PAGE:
The Magic of Old Adventure Games

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The Magic of Old Adventure Games

Yahtzee explains what it was that made old adventure games great, and what modern adventure games like Broken Age fail to grasp in comparison.

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The whole lock-and-key item chain isn't unique to point-and-click adventure games. I'm look at you, Legend of Zelda!

I don't think Telltale has really even aimed to elevate adventure gameplay. For them, it's always been about storytelling and doing the best job they can at either building good characters or expanding well on existing characters. The writing in their Sam and Max games and in Strong Bad's Cool Game for Attractive People is meant to match the humor of previous media from both franchises without simply retreading old jokes, and it succeeds. The writing in The Walking Dead and The Wolf Among Us is meant to incorporate everything that made their franchises great while remaining accessible to new players, and seeks to show believable characters who are worth caring about. They succeeded on all these counts. They may not have expanded much on the puzzle side of things, but they have taken major strides in adventure storytelling.

On the other hand, I fully expect Armikrog to be just the evolution on gameplay that the genre needs. Doug TenNapel already proved himself once with The Neverhood (IMO the true pinnacle of puzzle-heavy adventure games), and if his new game is even half as good it'll be a good deal more challenging and have gameplay a good deal deeper than what's currently popular in the genre.

P.S. Thanks

Edit:

Alcom1:
The whole lock-and-key item chain isn't unique to point-and-click adventure games. I'm look at you, modern Legend of Zelda!

To be fair, at least you have to aim your arrows at that eyeball to open the door. Not that this is hugely difficult, but at least it's slightly more involved than choosing "use thing" out of a menu.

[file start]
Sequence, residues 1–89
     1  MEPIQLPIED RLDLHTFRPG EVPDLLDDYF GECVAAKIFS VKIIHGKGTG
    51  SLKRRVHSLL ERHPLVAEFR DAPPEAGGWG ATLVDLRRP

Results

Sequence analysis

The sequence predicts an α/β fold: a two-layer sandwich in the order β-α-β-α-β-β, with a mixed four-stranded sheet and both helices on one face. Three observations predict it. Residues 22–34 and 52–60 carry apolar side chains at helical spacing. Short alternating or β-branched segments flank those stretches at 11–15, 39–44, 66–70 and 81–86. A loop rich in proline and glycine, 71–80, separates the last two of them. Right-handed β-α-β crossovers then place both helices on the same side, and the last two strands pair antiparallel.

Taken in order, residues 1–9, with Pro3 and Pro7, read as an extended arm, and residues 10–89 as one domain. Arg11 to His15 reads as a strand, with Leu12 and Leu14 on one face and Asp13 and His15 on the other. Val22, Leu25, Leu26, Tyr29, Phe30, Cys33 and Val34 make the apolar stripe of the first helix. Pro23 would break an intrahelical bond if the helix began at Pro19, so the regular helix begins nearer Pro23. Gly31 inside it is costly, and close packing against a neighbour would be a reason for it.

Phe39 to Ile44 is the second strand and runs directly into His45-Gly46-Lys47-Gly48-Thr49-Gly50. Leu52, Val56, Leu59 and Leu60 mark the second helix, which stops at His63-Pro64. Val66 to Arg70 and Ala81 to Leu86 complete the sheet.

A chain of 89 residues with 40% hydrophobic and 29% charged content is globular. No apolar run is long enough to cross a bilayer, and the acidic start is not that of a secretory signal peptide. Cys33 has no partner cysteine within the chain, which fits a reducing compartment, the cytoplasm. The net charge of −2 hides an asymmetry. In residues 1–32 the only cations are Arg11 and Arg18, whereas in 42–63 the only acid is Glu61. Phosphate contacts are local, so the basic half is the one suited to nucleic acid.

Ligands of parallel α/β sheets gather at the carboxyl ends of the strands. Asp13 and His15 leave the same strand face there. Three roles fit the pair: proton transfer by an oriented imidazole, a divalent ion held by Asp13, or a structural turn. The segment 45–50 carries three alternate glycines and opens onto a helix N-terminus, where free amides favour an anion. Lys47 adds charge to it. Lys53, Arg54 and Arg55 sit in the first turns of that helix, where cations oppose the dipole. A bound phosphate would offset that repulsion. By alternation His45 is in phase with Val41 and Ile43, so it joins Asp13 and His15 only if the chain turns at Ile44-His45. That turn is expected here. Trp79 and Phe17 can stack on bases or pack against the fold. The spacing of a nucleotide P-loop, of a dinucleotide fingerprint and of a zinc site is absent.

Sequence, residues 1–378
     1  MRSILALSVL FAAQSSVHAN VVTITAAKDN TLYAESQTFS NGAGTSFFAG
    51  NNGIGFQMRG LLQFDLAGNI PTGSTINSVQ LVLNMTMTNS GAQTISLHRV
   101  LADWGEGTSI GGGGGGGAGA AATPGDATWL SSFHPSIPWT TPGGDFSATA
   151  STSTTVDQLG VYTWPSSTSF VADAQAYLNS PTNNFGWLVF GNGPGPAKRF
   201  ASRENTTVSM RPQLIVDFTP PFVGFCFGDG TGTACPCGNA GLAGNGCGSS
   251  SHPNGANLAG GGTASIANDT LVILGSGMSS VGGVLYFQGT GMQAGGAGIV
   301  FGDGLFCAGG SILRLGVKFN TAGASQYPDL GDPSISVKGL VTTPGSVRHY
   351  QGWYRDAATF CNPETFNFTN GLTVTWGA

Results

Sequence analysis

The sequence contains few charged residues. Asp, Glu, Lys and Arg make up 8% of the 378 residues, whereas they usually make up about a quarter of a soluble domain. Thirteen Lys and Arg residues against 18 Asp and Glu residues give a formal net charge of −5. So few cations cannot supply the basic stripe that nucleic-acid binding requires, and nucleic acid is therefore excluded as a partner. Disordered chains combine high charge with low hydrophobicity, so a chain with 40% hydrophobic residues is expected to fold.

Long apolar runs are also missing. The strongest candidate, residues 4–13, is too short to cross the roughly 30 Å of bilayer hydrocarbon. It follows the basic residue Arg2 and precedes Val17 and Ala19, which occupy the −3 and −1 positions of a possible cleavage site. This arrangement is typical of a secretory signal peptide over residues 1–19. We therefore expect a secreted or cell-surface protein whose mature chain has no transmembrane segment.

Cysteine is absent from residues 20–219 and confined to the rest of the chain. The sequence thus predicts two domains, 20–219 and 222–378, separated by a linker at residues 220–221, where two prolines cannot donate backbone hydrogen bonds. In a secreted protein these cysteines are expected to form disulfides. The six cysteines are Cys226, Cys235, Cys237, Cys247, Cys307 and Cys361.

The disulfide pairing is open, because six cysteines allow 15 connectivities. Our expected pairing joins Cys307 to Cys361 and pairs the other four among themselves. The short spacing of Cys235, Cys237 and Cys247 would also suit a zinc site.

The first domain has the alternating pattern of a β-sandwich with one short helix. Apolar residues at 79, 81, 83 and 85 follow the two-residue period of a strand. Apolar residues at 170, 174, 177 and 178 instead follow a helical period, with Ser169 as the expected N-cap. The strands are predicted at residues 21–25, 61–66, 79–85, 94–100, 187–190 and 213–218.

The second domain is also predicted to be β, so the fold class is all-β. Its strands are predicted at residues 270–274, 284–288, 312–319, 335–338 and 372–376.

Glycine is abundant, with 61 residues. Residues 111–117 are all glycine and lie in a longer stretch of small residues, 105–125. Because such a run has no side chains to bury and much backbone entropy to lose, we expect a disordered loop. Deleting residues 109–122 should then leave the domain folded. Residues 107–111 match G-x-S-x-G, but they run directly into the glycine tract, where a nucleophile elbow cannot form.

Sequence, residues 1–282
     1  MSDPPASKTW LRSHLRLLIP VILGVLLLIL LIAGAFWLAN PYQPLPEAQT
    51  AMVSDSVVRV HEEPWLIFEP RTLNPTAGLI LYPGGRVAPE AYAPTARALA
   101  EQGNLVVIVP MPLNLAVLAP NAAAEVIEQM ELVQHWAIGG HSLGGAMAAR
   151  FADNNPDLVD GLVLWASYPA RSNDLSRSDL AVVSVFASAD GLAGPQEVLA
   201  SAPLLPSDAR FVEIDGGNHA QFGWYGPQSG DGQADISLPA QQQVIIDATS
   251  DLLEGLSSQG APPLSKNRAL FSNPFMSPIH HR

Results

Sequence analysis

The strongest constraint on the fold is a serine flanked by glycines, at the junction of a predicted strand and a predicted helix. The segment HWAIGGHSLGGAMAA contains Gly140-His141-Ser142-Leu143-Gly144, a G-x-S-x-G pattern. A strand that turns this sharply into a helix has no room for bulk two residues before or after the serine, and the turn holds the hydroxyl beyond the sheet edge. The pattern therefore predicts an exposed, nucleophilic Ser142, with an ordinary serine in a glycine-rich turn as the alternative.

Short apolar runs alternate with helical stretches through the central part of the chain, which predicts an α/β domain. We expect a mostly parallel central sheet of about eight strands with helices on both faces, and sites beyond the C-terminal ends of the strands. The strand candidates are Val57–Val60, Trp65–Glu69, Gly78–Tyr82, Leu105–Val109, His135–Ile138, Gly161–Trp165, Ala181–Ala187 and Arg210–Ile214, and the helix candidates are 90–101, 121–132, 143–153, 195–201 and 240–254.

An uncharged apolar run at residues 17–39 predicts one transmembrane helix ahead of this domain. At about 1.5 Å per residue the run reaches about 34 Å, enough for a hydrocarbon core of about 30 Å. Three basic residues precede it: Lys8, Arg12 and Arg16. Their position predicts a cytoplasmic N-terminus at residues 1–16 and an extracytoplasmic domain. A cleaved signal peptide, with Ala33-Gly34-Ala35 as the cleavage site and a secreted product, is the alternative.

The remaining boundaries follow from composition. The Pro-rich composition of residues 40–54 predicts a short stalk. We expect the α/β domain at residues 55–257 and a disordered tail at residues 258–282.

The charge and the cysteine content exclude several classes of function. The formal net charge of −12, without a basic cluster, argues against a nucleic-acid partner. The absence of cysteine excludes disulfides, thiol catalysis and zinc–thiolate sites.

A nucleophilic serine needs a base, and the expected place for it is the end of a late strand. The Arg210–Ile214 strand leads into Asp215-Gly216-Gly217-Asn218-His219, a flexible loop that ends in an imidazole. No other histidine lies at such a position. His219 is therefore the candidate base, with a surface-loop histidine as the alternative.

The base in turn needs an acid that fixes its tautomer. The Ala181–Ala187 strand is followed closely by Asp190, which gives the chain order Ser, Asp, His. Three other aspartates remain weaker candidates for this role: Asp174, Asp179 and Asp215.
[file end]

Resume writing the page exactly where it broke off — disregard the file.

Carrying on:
P.P.S. Thanks

That lock and key chain idea sounds an awful lot like the earlier Silent Hill games and Amnesia: The Double D, though more effort was put into those games I imagine.

Yeah, as good as I found Broken Age, I sorely missed the option to examine things, like in the good old-school adventure games. Investigating and exploring while hearing how the player character sees the world around him/her in their own words, is really one of the main appeals of the genre to me.

This whole "one click to solve the next bit of the chain" approach seems like it was brought on by a need to appeal to the tablet using audience, and I think it is a damn shame.

How does a modern one-click game deal with pushing the lady? Dialogue options. You don't just have to have actual dialogue in a dialogue tree. Still, there's quite a difference between explicitly giving the option to push her in writing and simply having a push "verb".

I still think that Frictional's Penumbra games have always been close to really refreshing the Adventure Game genre. Instead of pixel hunting, you actually get to rummage through a room in a more logical way. Adding physics puzzles to an Adventure Game is a great idea. The first person POV makes exploration not only more interesting, but an integral part of the puzzle. I really wish they would make a traditional Adventure Game rather than only Horror titles though. I definitely want more of their horror games, but I'd also just like a Penumbra-style game where I'm not constantly worried about being chased by a monster.

The Oculus Rift might also be a huge boon for the Adventure Game genre. Exploring a 3D environment is suddenly much more interesting in VR. You don't have to worry about dealing with complicated action or movement really either. It might be the first video game genre to really catch on with the general public if VR becomes a big thing. The barrier to entry is much lower with Adventure games. However, that's always been the case and they never catch on. More casual players might just enjoy playing Hidden Item games in VR.

I think the things that Yahtzee lauds - the stuff that can make the game more complex - also have the potential to make the game more counterintuitive and needlessly difficult. Here's a classic example: you think there's something under a rug, and you want your character to move the rug out of the way. Do you "push" the rug, "pull" the rug, "use" the rug, or "pick up" the rug?